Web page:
Pit bull attacks are frequently documented by the media, but controlled studies do not show pit bulls to be disproportionately dangerous compared with other breeds. Some jurisdictions have enacted legislation banning the breed, and some insurance companies do not cover liability from pit bull bites. Among other roles, pit bulls have served as police dogs, search and rescue dogs, and several have appeared on film.
Pit bulls were created by breeding bulldogs and terriers together to produce a dog that combined the gameness and agility of the terrier with the strength of the bulldog. In the United Kingdom, these dogs were used in blood sports such as bull-baiting and bear-baiting. These blood sports were officially eliminated in 1835 as Britain began to introduce animal welfare laws. Since dogfights were cheaper to organize and far easier to conceal from the law than bull or bear baits, blood sport proponents turned to pitting their dogs against each other instead. Dog fighting was used as both a blood sport (often involving gambling) and a way to continue to test the quality of their stock. For decades afterwards, dog fighting clandestinely took place in small areas of Britain and America. In the early 20th century pit bulls were used as catch dogs in America for semi-wild cattle and hogs, to hunt, and drive livestock, and as family companions. Some have been selectively bred for their fighting prowess.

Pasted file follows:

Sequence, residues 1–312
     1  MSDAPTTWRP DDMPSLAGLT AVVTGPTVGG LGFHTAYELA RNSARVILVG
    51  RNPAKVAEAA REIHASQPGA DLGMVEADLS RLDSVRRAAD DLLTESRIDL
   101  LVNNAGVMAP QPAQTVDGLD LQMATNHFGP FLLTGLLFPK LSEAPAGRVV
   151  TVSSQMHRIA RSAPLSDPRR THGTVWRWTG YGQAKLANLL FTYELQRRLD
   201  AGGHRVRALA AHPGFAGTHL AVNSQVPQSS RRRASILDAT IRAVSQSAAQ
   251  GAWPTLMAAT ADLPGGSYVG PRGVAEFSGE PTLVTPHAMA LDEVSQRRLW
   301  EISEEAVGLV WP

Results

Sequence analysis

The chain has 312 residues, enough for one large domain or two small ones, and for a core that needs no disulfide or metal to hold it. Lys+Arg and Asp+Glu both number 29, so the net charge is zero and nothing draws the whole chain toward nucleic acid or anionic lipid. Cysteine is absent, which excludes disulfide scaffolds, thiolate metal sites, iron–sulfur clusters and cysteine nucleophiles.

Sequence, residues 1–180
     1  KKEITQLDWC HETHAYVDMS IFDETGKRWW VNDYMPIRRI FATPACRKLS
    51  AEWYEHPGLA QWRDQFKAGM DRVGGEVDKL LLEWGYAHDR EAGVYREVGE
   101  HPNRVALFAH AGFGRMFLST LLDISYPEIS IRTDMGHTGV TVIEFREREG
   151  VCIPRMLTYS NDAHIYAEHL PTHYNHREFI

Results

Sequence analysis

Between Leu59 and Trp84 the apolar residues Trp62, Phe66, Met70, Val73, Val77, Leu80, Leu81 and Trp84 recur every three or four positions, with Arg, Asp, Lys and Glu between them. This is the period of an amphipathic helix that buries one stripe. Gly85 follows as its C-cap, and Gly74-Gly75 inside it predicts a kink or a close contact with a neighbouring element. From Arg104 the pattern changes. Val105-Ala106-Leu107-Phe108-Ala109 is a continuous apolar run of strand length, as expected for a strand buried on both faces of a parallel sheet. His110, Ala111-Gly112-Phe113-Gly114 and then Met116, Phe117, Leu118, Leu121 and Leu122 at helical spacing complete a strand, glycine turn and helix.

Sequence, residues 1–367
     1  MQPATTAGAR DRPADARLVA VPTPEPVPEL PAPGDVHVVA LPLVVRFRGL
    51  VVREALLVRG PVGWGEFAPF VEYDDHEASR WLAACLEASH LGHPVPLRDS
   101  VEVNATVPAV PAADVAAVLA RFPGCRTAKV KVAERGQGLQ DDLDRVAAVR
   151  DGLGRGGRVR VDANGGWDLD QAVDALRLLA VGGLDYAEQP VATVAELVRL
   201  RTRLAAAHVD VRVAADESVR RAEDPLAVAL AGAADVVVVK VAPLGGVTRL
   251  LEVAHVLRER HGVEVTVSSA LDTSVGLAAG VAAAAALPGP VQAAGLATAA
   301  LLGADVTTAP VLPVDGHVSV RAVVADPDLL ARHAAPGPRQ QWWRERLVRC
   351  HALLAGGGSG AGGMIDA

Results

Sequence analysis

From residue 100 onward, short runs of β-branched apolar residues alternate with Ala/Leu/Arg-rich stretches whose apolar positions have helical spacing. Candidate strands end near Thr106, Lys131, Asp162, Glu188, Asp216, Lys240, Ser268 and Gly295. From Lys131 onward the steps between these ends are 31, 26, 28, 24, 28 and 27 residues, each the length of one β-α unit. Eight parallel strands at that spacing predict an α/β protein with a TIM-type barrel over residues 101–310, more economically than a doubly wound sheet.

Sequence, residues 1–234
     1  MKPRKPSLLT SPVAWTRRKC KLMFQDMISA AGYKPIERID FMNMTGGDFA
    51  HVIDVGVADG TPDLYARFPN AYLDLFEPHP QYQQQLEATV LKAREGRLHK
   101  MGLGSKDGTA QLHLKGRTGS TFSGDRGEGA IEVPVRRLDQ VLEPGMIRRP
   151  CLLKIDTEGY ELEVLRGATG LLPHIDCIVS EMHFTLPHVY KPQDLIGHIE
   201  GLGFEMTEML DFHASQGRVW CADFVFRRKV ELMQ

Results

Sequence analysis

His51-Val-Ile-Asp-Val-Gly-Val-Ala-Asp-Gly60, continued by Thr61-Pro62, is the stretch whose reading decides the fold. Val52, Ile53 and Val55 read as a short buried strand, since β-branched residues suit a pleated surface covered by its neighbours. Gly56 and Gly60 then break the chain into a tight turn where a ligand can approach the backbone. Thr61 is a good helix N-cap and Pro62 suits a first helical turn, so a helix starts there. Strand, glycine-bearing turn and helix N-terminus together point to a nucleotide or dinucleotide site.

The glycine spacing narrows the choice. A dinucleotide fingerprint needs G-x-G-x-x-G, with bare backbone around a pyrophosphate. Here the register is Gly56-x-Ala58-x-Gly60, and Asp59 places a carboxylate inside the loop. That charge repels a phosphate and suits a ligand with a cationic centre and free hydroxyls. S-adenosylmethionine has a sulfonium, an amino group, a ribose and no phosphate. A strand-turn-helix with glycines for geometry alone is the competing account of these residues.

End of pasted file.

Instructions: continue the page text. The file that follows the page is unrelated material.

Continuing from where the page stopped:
Pit bulls also constitute the majority of dogs used for illegal dog fighting in America. In addition, law enforcement organisations report these dogs are used for other nefarious purposes, such as guarding illegal narcotics operations, use against police, and as attack dogs. On the other side of the law, pit bulls have been used as police dogs.
In an effort to counter the fighting reputation of pit bull-type dogs, in 1996 the San Francisco Society for the Prevention of Cruelty to Animals renamed pit bull terriers to "St. Francis Terriers", so that people might be more likely to adopt them. 60 temperament-screened dogs were adopted until the program was halted, after several of the newly adopted pit bulls killed cats. The New York City Center for Animal Care and Control tried a similar approach in 2004, relabeling their pit bulls as "New Yorkies", but dropped the idea in the face of overwhelming public opposition.
Currently, there are a number of breeds that are recognized by different associations which fall under the term "pit bull". The Federation Cynologique Internationale currently only recognizes three breeds: the Bull Terrier, the Miniature Bull Terrier, and the Staffordshier Bull Terrier. The Canadian Kennel Club also recognizes these breeds, as well as the American Staffordshire Terrier. The American Kennel Club recognizes the American Staffordshire Terrier, the Staffordshire Bull Terrier, the Miniature Bull Terrier, and the Bull Terrier as breeds also.